Free drink! If you’re lucky…
For 200 fair visitors every day, artist Liz Glynn has a surprise tucked away behind the stands
By Emily Sharpe. From Frieze New York daily edition
Published online: 09 May 2013
A Frieze New York VIP card may grant you early access to the fair and entry to a special lounge where you can rub shoulders with other art-world heavyweights, but it won’t get you into the most exclusive watering hole on Randall’s Island this week. To gain entry to The Vault, a 1920s-style speakeasy created by the Los Angeles artist Liz Glynn as part of Frieze Projects, you need a special key and, more importantly, instructions on how to find the unmarked door to the bar hidden within the grid of the fair.
Every day, around 200 lucky fairgoers will be selected at random to receive an envelope containing the means of entry to the concealed space—a 20ft by 40ft room with a high bar, benches, Art Deco-style sconces made by Glynn and two banks of plywood safe deposit boxes. In these boxes are two glasses, ingredients for a cocktail and one random item (also made by Glynn), such as a glove, a compass or a doorknob. These objects act as triggers, around which the bartenders, who also happen to be trained in improvisation, spin tales inspired by the short stories of Franz Kafka and Jorge Luis Borges as they prepare your cocktail.
“These seemingly valueless objects become activated and acquire significance through these stories,” says Glynn, who wants to examine how objects become invested with meaning in often arbitrary ways. “I’m interested in exploring how we imbue objects with value and, within the context of the fair, how value is often narrative, sentimental and objective, and thinking about that in opposition to the idea that certain works of art are more valuable than others because some higher authority has said so,” she explains.
Glynn has made a name for herself with her installations for collaborative performances. For black box, 2012, her project for the J. Paul Getty Museum’s Pacific Standard Time initiative, she set up a bar and performance space and invited artists from the first performance art festival in Los Angeles in 1980 to take part.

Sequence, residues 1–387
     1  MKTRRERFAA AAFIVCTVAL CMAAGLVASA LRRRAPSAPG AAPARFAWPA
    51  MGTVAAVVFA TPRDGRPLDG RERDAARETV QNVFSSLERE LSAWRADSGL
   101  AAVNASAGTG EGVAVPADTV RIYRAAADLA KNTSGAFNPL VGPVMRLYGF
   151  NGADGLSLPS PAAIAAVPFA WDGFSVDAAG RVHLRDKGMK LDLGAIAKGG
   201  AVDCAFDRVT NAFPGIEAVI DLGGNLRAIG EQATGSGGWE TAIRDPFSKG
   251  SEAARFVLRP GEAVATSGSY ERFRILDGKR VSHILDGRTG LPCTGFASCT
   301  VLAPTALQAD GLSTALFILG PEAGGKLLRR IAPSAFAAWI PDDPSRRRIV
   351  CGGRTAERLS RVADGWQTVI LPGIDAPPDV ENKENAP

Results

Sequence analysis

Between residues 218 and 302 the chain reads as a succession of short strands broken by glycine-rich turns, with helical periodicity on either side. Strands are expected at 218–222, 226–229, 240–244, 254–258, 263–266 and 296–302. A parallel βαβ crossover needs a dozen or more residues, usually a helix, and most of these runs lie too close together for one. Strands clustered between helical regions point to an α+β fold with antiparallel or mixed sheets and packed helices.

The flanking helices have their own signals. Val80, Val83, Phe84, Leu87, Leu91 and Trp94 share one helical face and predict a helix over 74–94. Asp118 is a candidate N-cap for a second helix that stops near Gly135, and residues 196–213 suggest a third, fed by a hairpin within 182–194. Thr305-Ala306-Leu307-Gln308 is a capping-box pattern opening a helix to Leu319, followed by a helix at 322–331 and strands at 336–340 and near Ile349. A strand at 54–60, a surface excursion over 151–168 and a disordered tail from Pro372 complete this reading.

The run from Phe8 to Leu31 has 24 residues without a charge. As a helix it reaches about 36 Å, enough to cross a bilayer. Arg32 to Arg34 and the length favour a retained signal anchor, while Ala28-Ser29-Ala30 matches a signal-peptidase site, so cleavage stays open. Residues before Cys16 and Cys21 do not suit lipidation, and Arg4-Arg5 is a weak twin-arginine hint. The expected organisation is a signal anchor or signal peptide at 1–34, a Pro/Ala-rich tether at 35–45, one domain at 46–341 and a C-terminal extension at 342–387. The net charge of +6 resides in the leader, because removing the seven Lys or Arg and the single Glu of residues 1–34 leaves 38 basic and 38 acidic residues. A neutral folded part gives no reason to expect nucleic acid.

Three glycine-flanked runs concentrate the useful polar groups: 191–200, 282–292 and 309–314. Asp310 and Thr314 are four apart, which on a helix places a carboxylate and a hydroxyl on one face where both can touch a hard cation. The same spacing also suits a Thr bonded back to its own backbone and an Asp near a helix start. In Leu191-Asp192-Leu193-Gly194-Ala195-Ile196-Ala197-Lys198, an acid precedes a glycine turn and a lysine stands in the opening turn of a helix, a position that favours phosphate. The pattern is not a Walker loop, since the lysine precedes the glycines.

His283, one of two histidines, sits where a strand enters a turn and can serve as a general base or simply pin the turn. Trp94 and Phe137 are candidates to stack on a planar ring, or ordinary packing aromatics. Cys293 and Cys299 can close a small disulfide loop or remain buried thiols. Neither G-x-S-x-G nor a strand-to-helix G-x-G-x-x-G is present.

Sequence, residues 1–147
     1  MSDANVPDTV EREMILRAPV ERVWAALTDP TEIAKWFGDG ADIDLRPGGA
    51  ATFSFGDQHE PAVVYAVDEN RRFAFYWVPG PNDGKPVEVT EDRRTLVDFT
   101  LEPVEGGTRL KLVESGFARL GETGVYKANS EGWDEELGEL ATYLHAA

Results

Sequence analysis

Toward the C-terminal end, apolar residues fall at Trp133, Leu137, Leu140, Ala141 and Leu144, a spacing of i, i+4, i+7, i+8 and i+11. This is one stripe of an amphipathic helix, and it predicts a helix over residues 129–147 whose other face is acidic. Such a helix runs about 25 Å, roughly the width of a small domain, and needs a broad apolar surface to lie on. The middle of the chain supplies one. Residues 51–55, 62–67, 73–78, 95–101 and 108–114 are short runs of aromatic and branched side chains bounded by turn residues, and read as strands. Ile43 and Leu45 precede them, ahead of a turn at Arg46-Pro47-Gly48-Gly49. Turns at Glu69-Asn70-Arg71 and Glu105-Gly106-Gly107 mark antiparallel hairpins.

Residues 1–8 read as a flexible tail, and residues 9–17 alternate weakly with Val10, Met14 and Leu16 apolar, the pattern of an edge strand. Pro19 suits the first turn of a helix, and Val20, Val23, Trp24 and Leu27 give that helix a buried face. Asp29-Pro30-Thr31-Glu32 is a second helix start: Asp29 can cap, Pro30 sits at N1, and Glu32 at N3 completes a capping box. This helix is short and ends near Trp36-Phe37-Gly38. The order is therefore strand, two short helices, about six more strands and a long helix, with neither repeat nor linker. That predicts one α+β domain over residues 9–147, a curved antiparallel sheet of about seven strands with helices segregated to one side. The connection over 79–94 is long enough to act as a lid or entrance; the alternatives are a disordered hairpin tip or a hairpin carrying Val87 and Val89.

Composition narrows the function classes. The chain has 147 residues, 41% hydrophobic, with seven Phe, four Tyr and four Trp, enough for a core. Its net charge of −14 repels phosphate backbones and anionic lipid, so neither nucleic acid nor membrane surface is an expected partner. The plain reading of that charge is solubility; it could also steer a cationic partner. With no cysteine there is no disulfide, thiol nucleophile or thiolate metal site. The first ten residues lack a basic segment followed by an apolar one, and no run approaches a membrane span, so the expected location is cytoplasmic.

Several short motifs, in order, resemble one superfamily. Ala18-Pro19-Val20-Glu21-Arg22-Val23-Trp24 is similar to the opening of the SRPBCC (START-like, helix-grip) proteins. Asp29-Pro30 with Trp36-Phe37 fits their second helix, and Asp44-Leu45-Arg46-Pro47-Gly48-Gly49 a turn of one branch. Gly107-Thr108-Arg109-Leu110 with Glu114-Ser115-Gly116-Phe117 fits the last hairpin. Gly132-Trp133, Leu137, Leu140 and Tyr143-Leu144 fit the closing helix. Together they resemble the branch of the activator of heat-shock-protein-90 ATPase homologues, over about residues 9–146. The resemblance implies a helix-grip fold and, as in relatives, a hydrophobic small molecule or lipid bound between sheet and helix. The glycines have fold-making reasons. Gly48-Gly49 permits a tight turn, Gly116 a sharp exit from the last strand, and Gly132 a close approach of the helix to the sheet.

“Glynn is one of the most interesting sculptors working in Los Angeles right now,” says Cecilia Alemani, the curator of Frieze Projects. “She’s not just making sculptures; she is activating them so they become mass gathering spaces,” she says, adding that the work fits perfectly with this year’s Frieze Projects theme of community and gathering spaces. And where will Glynn be during the project? “I’ll be hiding behind the bar. I thought about serving drinks, but decided against it,” she says.
This is not the first time Frieze’s organisers have commissioned a project hidden within the stands. Mike Nelson’s work for the fair’s 2006 edition in London could be found by only the most observant of visitors: his immersive dark-room installation, which ran behind a series of booths, could be accessed only through an unmarked white door.
And how do the organisers feel about commissioning a public project that only a small percentage of visitors will be able to experience? “It’s a concession that we had to make because the experience would be ruined if 100 people tried to fit into a space designed for 20,” Alemani says. “VIPs are not guaranteed keys… the distribution is random, so there is a side to it that is totally democratic.”
Gatecrashers beware: security guards will be posted near the door to keep out the uninvited
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